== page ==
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The Starsailor Interview - Saving the music

2006-03-29 10:58

We asked James Walsh (lead singer and guitarist) and James Stelfox (bassist) about touring with the Rolling Stones, recording with legendary producer Phil Spector and their rather eclectic musical tastes.

M-WEB: What was it like supporting the Rolling Stones at Twickenham?
Playing with the Rolling Stones is like the biggest honour you could possibly (have) - it doesn't really get any bigger than that as far as support slots go. So it's just incredibly flattering to be able to do that. We heard Mick Jagger saying how much of an honour it was to be the first band playing at Twickenham stadium and it was like...not quite, sunshine. (laughs)

M-WEB: Did you get to meet 'n greet Mick and his mates?
WALSH (bemused):
We didn't get anywhere near them really....
STELFOX: We were on the stage for the sound check, sort of near to Mick and Keith and the boys. So that was quite nice to be able to sort of see them just rehearsing and not being through the big stage show.
WALSH:'s something to tell the grandparents and the grandchildren really, that you watched the Stones do a sound check.
STELFOX (wryly): All our parents came as well and that's their area really, the Stones so, you know they all loved it?

M-WEB: Who's your ideal audience or listener?
I think it's always been important to us not to be the band that it is "cool to like" or whatever. On this album particularly we're playing to the bloke in the factory or dinner ladies or something, just anyone who can get something from the music. If people enjoy the music or get something from it it's a bonus if they know exactly where you're coming from.

M-WEB: "Music Was Saved" is a great song title, tell us more?
(It's) the most upbeat thing we've ever done. We wanted to get people's attention with this track definitely. The sort of pounding "Northern Soul" drums, the James and Motown bass line, the stabbing guitar chords and the keyboards on it. It's just a really direct track this one, you can play this about 7 o'clock before you go out for beers with your mates and you can sing it down the street at 11 o'clock when you're drunk.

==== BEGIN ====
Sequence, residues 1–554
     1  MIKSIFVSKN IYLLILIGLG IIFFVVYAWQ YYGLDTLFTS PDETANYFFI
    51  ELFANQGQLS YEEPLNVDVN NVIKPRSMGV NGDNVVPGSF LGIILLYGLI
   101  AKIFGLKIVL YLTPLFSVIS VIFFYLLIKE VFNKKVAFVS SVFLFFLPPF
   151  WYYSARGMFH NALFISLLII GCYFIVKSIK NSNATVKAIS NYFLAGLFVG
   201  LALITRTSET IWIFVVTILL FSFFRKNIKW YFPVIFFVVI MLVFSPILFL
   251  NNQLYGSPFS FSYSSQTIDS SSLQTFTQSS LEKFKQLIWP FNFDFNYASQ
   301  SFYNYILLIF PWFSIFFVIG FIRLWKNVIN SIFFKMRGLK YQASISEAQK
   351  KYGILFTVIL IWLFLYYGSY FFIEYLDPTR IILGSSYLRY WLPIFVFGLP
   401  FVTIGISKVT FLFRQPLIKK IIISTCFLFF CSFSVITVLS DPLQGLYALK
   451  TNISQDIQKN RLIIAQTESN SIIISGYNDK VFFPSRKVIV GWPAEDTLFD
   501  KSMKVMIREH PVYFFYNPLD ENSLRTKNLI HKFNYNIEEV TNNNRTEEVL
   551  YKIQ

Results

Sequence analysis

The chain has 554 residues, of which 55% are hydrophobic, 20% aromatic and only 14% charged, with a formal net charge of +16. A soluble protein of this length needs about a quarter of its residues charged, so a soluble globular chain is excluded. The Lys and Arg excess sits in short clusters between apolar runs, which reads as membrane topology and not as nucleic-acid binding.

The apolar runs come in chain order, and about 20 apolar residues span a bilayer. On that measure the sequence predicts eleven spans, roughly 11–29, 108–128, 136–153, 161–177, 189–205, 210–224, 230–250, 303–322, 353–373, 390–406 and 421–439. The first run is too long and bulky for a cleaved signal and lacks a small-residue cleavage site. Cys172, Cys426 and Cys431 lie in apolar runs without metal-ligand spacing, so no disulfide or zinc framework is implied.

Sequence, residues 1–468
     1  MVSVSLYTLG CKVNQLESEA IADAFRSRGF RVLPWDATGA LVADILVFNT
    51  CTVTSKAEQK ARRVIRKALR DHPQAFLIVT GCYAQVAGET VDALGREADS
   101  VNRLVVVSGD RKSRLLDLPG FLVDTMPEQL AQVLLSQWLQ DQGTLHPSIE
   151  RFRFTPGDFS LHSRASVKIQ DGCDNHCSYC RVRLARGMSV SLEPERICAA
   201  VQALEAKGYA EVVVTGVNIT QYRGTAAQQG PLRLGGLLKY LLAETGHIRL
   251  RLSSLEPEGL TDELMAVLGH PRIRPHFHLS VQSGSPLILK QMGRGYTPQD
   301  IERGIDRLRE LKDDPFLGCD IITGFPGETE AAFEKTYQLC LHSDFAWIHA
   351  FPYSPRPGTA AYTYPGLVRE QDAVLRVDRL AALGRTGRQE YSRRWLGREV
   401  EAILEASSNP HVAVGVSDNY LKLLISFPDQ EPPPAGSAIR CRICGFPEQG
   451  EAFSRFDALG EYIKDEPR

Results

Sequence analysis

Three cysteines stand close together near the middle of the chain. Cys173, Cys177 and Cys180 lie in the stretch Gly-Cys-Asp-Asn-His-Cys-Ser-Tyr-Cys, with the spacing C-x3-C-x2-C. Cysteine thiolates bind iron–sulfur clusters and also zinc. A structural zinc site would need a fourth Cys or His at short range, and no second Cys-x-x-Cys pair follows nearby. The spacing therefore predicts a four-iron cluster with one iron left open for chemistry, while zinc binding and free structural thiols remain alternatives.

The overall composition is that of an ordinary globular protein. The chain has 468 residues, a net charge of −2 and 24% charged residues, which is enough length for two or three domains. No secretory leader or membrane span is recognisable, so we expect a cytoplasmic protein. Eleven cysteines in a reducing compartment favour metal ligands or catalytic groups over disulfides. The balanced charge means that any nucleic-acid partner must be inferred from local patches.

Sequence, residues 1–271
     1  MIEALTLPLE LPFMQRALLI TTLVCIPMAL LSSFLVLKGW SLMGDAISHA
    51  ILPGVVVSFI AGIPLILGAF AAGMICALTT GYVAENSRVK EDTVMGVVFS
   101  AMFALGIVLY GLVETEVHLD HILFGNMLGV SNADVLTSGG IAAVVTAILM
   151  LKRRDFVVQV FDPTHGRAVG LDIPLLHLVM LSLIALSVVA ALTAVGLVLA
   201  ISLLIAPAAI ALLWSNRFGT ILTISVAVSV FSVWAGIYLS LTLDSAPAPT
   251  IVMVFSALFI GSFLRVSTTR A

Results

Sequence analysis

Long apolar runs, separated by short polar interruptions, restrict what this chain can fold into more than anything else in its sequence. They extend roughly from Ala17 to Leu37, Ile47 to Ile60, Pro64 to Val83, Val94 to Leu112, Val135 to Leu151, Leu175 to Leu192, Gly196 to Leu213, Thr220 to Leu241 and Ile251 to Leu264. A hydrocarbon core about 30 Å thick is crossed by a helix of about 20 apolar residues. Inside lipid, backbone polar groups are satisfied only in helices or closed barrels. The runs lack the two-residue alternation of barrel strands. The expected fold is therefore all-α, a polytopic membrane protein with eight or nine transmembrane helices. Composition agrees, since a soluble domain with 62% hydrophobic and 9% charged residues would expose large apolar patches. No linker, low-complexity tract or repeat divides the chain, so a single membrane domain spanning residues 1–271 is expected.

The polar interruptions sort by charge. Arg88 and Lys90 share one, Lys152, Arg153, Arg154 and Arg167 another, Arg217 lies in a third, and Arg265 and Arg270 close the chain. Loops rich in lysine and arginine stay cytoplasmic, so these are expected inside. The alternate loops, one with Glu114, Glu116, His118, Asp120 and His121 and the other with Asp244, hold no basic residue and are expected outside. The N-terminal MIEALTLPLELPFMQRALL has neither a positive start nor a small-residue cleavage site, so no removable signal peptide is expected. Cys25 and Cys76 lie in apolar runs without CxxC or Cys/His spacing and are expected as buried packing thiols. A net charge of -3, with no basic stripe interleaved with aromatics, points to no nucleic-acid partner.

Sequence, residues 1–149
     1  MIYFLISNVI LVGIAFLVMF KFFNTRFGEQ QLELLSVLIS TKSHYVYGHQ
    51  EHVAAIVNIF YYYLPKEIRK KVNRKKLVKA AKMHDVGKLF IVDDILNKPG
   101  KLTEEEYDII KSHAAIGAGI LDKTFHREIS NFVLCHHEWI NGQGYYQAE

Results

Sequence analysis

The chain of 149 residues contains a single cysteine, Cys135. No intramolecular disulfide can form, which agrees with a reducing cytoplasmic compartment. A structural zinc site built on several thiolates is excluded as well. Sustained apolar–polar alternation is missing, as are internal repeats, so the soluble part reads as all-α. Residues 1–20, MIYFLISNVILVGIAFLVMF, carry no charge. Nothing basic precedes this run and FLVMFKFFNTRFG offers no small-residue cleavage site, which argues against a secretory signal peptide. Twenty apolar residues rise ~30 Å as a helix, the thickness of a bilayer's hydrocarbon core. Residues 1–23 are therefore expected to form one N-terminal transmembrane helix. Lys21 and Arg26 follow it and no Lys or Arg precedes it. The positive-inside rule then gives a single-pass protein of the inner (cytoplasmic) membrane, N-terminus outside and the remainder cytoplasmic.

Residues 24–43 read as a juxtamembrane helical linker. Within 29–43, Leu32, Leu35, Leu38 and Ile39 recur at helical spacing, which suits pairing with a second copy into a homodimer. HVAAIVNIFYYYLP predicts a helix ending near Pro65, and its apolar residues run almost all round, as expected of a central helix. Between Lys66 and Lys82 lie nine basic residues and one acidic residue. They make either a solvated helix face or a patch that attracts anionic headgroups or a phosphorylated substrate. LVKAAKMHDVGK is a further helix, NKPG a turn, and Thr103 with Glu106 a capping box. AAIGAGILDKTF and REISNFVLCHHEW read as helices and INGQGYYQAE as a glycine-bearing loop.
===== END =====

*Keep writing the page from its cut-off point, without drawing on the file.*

M-WEB: You seem to wear your love of classic rock and singer songwriters on your sleeve. What are some of your influences?
WALSH: There's a common thread running through myself and the bass player and the drummer Ben. We all like the Stones and the Beatles and songwriters like Neil Young, James Taylor...Free, all three of us are big fans of Free. But there's also a rock background to the bass player and drummer as well where they like Slayer and Megadeth and Metallica. They went through all the Pearl Jam, that era which passed me by really. And then the keyboard player is like Charlie Watts. He's completely obsessed with jazz, loves Thelonius Monk and Miles Davis. It's quite a heady mix.

M-WEB: How did working with Phil Spector pan out?
Phil Spector got involved when we were doing an American tour we played at the Troubadour in L.A. His daughter Nicole came down and went home that night and said, "I've seen this great band Starsailor do you want to hear the album?" And he listened to it and picked out "Lullaby" as his favourite track and said "this is the band, the voice to get me back to the top" kind of thing. But we only found this out a few weeks later when we went back to America for a second tour and he invited us up to the house. And after the initial pleasantries he unleashed his master plan to make us the biggest band in history and to get his name back out there. (chuckles). So, it's an amazing experience really.

M-WEB: So has success changed your lives?
The good outweighs the bad as far as success goes. I think it's difficult at times when you try and go out and be anonymous and just have a drink or talk about the football or the weather or something and you're constantly reminded you are famous by someone in the corner going "get the beers you rich bastard". Or someone coming up and asking for your photograph. (laughs).

With their expressionistic guitar ebbs, passionate vocals and soaring, string-driven folk pop flavoured jaunts, Starsailor's restless soul rock proves there's indeed more to post-Britpop than Oasis or Coldplay. As their critically acclaimed debut album Love is Here and the recently released Silence is Easy show, their refusal to get caught up in any fad-driven scene is paying dividends, with everyone from 30-something parents to their teenagers getting into their groove.
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